New Reform synagogue opens downtown Toronto

Seen with Rabbi Elyse Goldstein, centre, are City Shul launch co-chairs Sylvia Solomon, left, and Marsha Slivka, as they celebrate the opening of the new downtown Reform synagogue. [Andrea Nietko photo]

TORONTO — A new downtown Reform synagogue opened its doors this week at a ceremony that welcomed the shul into the community and the community into the shul.

“There isn’t a Reform synagogue from Bloor [Street] all the way to the water, and that’s a lot of Jews!” said Rabbi Elyse Goldstein, who was sworn in as the rabbi of City Shul at the launch ceremony.

At the shul’s opening ceremony on Oct. 14, she made a pledge to the community – and they pledged the same thing in return – to be compassionate and have a good relationship.

For 15 years, Rabbi Goldstein led the Kolel High Holiday services, first at the then-Bathurst Jewish Community Centre and later in a North York hotel’s ballroom. As soon as she finished blowing the shofar on Yom Kippur, people would suggest that she also hold services for Sukkot and Simchat Torah. She wanted to see the congregants on a more regular basis as well.

“A lot of families and kids would then join other synagogues for bar and bat mitzvahs, which they should, but I felt like I missed the family,” she said.

The new synagogue’s services will take place in the Wolfond Centre for Jewish Campus Life at the University of Toronto.

Rabbi Goldstein said the synagogue is unique for many reasons. For example, it reaches a wide demographic. There are black, Asian, gay and lesbian members. Almost half of all the members of the synagogue have never belonged to one before.

“The paradigm is a very different one,” she said.

The synagogue is taking the approach of building its policies and traditions through its congregation.

“Decisions and policies are now being invented, are now being imagined together with the congregation,” Rabbi Goldstein said. “It’s very much a crowd-sourcing synagogue.”

Even the shul’s name and logo were chosen by the congregants. And after the High Holiday services, the synagogue sent a survey to people who attended to find out which parts of the services they found meaningful and which parts they would like to change for next time.

Unlike most synagogues, this one has no board. Instead, there’s a leadership team working together in a non-hierarchical fashion. Each of the eight members has his or her own portfolio, but they all work together to promote the synagogue and run the programming.

Additionally, instead of committees, there are “task forces.” Those involved on a task force take on short projects, and when it’s done, they move on to another project entirely.

Jonathan Wyman, a member of the leadership team, said he and his wife were really enthused when he found out Rabbi Goldstein would be starting regular services.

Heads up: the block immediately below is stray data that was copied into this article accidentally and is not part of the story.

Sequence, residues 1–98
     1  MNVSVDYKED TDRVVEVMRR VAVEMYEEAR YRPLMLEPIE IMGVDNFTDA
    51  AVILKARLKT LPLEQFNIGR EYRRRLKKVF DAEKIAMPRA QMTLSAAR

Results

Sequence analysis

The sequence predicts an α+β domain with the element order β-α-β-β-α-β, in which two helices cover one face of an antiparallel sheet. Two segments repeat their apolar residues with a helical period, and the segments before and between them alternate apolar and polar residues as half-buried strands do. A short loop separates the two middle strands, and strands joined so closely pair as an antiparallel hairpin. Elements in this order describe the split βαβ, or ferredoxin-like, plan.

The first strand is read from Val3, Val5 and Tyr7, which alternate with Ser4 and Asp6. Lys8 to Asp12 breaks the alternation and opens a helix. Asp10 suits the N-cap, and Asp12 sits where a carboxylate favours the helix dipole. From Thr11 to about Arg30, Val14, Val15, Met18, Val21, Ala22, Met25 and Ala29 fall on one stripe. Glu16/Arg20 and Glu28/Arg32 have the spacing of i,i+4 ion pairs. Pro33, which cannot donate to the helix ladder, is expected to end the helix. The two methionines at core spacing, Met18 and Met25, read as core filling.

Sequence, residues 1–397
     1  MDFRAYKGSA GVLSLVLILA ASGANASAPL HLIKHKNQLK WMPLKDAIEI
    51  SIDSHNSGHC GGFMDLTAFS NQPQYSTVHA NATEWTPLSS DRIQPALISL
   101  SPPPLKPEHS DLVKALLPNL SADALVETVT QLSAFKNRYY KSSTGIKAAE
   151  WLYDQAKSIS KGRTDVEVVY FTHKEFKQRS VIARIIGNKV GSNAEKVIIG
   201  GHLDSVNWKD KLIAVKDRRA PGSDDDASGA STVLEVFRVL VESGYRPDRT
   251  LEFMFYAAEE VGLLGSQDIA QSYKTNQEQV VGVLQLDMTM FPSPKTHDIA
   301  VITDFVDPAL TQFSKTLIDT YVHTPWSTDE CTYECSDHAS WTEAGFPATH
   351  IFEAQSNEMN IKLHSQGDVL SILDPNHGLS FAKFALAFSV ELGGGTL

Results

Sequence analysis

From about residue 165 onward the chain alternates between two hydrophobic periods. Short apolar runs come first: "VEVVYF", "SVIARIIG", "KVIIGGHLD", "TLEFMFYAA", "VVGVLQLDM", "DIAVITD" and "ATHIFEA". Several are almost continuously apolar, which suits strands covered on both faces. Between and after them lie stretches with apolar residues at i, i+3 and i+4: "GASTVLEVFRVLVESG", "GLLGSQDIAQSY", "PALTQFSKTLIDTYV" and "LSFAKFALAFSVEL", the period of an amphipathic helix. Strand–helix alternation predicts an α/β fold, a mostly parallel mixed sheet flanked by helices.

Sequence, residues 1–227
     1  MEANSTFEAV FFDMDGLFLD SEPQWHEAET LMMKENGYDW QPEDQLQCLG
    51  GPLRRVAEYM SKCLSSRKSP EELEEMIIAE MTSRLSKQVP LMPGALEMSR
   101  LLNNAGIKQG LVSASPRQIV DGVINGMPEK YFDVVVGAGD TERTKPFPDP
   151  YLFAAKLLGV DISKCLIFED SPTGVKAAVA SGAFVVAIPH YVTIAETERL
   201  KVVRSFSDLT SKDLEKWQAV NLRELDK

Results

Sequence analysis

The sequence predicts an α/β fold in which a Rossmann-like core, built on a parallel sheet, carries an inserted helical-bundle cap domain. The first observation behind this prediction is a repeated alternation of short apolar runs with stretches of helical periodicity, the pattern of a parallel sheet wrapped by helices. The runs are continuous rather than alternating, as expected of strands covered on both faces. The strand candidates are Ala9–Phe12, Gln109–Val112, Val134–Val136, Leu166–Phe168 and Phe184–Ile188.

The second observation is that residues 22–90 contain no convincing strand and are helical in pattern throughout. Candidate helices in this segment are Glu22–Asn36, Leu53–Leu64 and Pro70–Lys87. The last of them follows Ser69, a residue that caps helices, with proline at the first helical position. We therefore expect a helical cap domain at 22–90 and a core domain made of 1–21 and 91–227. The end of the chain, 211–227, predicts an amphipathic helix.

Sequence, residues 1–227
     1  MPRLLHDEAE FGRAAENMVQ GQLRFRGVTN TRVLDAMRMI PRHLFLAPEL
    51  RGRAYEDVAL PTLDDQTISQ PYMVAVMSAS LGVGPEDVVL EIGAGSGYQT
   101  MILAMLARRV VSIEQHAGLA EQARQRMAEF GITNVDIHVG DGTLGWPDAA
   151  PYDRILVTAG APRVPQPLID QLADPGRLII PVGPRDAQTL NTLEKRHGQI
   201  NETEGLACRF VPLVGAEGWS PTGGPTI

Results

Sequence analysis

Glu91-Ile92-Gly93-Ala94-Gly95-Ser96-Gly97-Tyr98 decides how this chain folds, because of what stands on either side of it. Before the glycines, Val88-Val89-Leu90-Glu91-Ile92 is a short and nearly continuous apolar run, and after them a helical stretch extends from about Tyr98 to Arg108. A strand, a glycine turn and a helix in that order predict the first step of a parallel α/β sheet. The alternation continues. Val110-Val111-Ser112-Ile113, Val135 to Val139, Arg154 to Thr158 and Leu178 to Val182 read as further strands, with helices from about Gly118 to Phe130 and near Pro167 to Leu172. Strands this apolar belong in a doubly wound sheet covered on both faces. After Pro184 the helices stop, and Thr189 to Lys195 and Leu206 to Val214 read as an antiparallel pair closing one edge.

“We have daughters who are approaching bat mitzvah age, and wanted to be sure they were involved in a shul and a community,” he said.

He tried attending synagogues in both downtown and midtown Toronto, but never felt as comfortable as he does with Rabbi Goldstein.

“Our personal inclination is more intellectual and less traditionally liturgical,” he said. “She’s very left-wing politically and right-wing traditionally. It’s a lot closer to the Conservative services that many of us grew up with.”

The synagogue attracts people from all walks of life, and Rabbi Goldstein said that ultimately, they’re trying to reach anybody who wants to be reached.

So far, in just a few months, 140 member units, or households, have answered the call and joined the synagogue. Some are Orthodox Jews, others are interfaith couples, spiritual searchers and even people with no Jewish background, she said.

“We have a lot of empty nesters who have moved downtown for the condos,” Rabbi Goldstein said, adding that the shul’s programming attracts a wide range of people. For example, each month, there will be two Friday night services. One is for families with children, with a story and a potluck dinner. The other is for adults and includes a one-hour musical meditation to welcome in Shabbat.

She described the shul’s services as very traditional, especially considering they are based in the Reform movement. Services are mostly in Hebrew, and they do a full, silent Amidah with full repetition in the morning service.

However, they bring out the drums and dance as the sun sets during Neilah, the concluding service on Yom Kippur.

The first High Holiday services took place at Trinity St. Paul’s United Church and Centre for Faith, Justice and the Arts.

“It was gorgeous and very spiritual,” said Rabbi Goldstein.

She borrowed a Torah from Am Shalom Synagogue in Barrie, Ont.

“[It was] a kind of ‘let’s help the newest little shul in town’ from a former ‘little new shul’ that now is thriving,” she said.

City Shul is already showing signs of thriving. The Hebrew school is running, with 40 kids currently enrolled from senior kindergarten to pre-bar or bat mitzvah.

For more information about the synagogue, visit